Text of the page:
Hallmark of a great boxla career

For Sapperton’s Ed Goss, it’s all about timing.
His glory days of lacrosse evolved out of just playing in New West’s eastside parks many calendars ago.
From Beatlemania to Trudeaumania – the first edition – Goss steamrolled through opposing defences as a teenager with an artist’s stick.
His introduction to the game evolved on a sporting background that included baseball, basketball and hockey. From morning to night, Ed remembers chasing older brother Wayne – a literal speedster – around the neighbourhood.
Fate played a hand when a local coach, looking to fill his peewee team roster, presented the younger Goss a lacrosse stick and invited him to tryout.
“He handed me a new stick and said ‘Ed, I want you to come out,’” recalls Goss. “I thought I’d died and gone to heaven.
“I had a stick in my hand for the next 20 years, every day.”
It was the beginning of a love affair with Canada’s national summer sport, and is the starting chapter in what is now a Canadian Lacrosse Hall of Fame career.
Goss, an active Realtor in the Lower Mainland, said being inducted into the Veteran Player category on Nov. 14 in his hometown is a humbling experience.
“Better late than never,” chuckled Goss. “It’s a special honour when you get an acknowledgment like that. It feels great.”
A lifelong Salmonbellie, Goss has already been inducted as part of the 1968-72 New Westminster roster that appeared in four straight Mann Cup championships, winning twice.
As former teammate and life-long pal Al Lewthwaite puts it, it was a glorious time to be a boy in the Royal City.
“Skill-wise he was excellent,” recalled Lewthwaite. “He got 50 goals in his first senior season and played both ends of the floor.
“Ed was a very good teammate and always looking out for his guys. You could count on him.”
That early beginning in Sapperton sparked a whirlwind career that took Goss across the continent and into the pro ranks. His stats for the New Westminster junior team were lights-out as he played an integral role in three consecutive Minto Cup appearances, winning the league’s Rookie of the Year award in 1966.
His mark of 11 goals in one game stood for 20 years before Gary Gait, another Hall of Famer, would break it.
The closeness of that junior roster created rock-solid friendships, he noted.
“It was a unique thing, as a group, with eight of us who literally grew up in Sapperton,” said Goss. “Nearly all of us were from New West and to be one of the best teams in Canada was amazing, when you consider how small the city is.”
The senior Salmonbellies didn’t hesitate in calling up the Sapperton sharpshooter early and often.
He joined older brother Wayne in ‘68 on a powerful roster that turned pro with the National Lacrosse Association. They defeated Detroit in the championship series 4-2 in the only NLA championship year for the B.C.-based teams.
From 1969 to ’72, New West marched to the Canadian final each year, capturing the vaunted Mann Cup trophy in 1970 and ’72. In ’71, he earned the Western Lacrosse Association’s Most Valuable Player prize in the playoffs.
“Winning the Mann Cup, especially the first one, was (the highlight). … In 1970 I had the chance to go freight to Japan for Expo and missed 12 games, but when I came back it was like riding a bike, right into the lineup.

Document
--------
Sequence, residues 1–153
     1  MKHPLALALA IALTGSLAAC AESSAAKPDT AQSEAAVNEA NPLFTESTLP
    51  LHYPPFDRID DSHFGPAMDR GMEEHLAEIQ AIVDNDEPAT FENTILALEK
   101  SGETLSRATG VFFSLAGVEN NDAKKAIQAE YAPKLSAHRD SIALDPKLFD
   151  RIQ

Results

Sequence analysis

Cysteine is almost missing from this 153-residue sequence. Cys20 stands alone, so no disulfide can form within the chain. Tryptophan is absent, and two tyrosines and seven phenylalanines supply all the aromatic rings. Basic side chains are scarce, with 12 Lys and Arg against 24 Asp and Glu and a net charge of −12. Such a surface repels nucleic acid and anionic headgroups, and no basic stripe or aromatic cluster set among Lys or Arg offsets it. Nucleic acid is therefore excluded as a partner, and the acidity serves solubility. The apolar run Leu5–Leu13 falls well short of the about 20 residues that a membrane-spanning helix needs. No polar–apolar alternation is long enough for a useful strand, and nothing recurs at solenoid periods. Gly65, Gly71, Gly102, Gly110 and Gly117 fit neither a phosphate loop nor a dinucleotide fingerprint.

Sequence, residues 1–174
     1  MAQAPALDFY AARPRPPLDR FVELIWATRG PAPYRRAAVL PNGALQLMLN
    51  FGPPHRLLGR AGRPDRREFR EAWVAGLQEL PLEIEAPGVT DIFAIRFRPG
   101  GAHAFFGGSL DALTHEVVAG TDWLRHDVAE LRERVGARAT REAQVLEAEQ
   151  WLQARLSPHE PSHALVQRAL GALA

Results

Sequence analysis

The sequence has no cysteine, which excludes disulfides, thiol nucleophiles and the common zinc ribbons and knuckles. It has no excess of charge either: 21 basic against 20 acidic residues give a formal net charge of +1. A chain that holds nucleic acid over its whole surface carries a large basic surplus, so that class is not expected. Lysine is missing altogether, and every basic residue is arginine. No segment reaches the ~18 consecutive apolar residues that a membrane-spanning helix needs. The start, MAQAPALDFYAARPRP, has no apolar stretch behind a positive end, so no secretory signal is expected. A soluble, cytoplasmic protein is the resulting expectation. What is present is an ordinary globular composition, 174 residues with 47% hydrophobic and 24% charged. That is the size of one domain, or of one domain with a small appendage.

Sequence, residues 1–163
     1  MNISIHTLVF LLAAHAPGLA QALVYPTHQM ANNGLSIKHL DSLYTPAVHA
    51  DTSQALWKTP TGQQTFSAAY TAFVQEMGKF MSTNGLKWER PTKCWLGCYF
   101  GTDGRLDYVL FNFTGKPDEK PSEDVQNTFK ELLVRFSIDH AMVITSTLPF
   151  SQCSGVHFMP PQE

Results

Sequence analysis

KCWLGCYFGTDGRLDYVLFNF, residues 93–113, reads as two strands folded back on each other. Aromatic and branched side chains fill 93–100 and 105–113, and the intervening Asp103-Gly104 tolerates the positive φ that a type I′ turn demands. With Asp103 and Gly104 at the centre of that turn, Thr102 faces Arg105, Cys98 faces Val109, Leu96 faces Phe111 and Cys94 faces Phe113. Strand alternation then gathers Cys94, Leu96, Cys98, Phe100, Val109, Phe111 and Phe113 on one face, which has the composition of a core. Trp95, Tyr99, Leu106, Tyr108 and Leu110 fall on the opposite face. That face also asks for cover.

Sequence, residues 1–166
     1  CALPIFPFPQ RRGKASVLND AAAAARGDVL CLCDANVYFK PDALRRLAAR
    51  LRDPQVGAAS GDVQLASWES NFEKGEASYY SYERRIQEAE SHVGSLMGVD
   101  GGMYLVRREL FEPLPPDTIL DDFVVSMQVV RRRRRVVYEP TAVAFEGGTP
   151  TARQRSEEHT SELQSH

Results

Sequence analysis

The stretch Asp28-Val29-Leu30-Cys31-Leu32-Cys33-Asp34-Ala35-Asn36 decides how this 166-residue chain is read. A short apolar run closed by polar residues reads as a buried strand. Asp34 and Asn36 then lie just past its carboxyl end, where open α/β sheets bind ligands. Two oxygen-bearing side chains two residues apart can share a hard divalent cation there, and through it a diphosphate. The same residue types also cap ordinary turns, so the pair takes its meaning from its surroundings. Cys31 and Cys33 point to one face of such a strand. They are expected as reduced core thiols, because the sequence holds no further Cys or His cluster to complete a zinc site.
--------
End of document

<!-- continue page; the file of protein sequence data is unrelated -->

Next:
“We won the Mann Cup in Queen’s Park and I played on my birthday (Sept. 21), which wasn’t something I did often.”
He had one other year of pro with the inaugural National Lacrosse League’s Maryland Arrows in 1974 where the commitment meant relocating for nearly six months and playing for the owner of Campbell’s Soup. It was a different experience, he said.
“It was a weird year for me, because I had never played with guys we played against, or played against my friends,” said Goss. “It was a good league but so many of the better players just couldn’t commit all that time.”
A shoulder injury and a desire to begin his work life led him to put down the stick, with only a brief comeback attempt in 1977. Even then, after two years away, he still averaged a goal-a-game. His very last game was in Kerrisdale Arena against the battling Burrards where he stood up for a teammate. “I got kicked out of the game and that was it.”
“I was only 26 when I (first) retired,” he recalled. “Everyone else seemed to have their career path set and I thought that’s it… I was fit and could probably have played into my 30s but I needed to get on with a career.”
The memories of his playing days pop up occasionally, but lacrosse was just another part of the old days.
He’s focused on his long-standing realty business and spending time with Alison, his wife of 30 years.
When it comes to his path in lacrosse, he credits older brothers Bob and Wayne – with just 20 months separating Wayne and himself.
“There was no rivalry between us as players or as people,” he said of Wayne, who remains one of the game’s largest legends. “He was left-handed and I was right-handed. We helped each other compete, but his fortè was running, he’d be running to the store, running to the rink… I’d just be chasing after him.”
That bond and love remains strong, as he has taken on an older brother-like role since Wayne’s tragic accident in 1982, which has left the former firefighter and lacrosse Hall of Famer with a long-term disability.
Loyalty is one of his many great traits, said Lewthwaite.
“For me, I could always count on Ed,” said Lewthwaite. “I never had to worry if we played Vancouver, who had their share of goons. I didn’t have to look too much behind me.”
The numbers tallied include 188 senior A games and 216 goals and 274 assists. But what Goss remembers most are the friends and camaraderie of the team.
“Those years were very good years for me, and there was nothing like playing and winning in your own town.”

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